Grown in greenhouses on the island of São Miguel, the local pineapple (Ananassa Sativus, Lindl) originated in Central and South America, and were introduced to the island as an ornamental plant by Portuguese navigators in the 17th-18th centuries.
Initially regarded as a botanical curiosity, its cultivation was marked for the landed gentry and supplied to wealthier homes. Its production gained prominence during the nineteenth century, thanks to the efforts of generations of farmers, who perfected its cultivation and agricultural techniques that accentuated its specific characteristics.
From this period on, the pineapple became an economic source of revenue with potential for driving the Azorean economy. With citrus groves decimated by gum disease, there was a need to find a substitute for the island’s orange exports and fill the gap in the region’s commercial revenues caused the loss of the staple. In 1864, the first industrial-scale greenhouse was built (with the capacity to support 800 plants) and the first exports of the fruit were begun. Ultimately, there were a total of 4300 production greenhouses cultivating the fruit: during the “Golden Age” of its exports.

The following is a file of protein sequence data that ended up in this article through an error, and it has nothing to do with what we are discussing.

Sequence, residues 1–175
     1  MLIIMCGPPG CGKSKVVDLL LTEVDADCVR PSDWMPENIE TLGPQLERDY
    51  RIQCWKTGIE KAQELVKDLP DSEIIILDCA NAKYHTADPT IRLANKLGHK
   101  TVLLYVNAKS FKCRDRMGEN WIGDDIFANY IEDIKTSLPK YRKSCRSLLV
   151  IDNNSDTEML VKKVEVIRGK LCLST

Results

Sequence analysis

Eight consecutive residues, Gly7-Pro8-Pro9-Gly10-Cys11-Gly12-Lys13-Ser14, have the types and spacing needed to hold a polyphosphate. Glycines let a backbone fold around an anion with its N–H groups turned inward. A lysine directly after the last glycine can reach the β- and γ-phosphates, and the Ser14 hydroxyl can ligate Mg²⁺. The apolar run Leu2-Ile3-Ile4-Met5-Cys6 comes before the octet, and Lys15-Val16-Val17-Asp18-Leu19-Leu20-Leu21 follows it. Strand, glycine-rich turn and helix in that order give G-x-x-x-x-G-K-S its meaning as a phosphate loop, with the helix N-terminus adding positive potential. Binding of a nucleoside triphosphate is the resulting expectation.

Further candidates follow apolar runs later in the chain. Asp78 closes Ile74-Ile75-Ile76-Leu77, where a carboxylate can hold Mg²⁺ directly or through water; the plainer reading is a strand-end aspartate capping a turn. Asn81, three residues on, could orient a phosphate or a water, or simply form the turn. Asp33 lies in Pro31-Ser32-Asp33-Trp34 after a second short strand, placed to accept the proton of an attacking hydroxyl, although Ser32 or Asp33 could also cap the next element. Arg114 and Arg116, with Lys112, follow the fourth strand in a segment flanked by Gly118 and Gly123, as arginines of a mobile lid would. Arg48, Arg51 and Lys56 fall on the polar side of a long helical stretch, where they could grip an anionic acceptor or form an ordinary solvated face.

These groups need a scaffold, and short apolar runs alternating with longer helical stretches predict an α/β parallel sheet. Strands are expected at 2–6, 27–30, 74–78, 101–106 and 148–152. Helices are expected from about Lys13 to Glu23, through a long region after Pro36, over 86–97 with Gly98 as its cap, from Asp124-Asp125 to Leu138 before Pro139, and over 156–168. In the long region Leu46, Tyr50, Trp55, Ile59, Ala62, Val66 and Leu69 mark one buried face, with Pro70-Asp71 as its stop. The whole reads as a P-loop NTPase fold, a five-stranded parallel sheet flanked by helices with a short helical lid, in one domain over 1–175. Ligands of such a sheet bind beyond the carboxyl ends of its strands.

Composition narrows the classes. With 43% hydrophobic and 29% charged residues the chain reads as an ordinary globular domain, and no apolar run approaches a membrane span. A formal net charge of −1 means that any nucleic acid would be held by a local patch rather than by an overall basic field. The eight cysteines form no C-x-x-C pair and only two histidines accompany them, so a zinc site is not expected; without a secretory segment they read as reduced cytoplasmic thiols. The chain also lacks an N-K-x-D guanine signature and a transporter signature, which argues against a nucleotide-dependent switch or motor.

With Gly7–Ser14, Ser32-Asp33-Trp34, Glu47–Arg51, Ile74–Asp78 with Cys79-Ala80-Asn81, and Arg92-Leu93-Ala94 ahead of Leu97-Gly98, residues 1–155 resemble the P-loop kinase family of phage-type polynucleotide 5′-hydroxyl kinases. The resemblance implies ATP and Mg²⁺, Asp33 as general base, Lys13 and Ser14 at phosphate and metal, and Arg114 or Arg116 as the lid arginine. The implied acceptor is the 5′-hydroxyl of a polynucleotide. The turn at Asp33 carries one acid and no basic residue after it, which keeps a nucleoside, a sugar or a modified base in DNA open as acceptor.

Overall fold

Over the years, this exceptional fruit became a true “ex-libris” of the region, with greenhouses located in the main centres of (in descending order) the municipalities of Ponta Delgada, Lagoa, Vila Franca do Campo and Ribeira Grande: the civil parish of Fajã de Baixo has the greatest number of greenhouses in the region.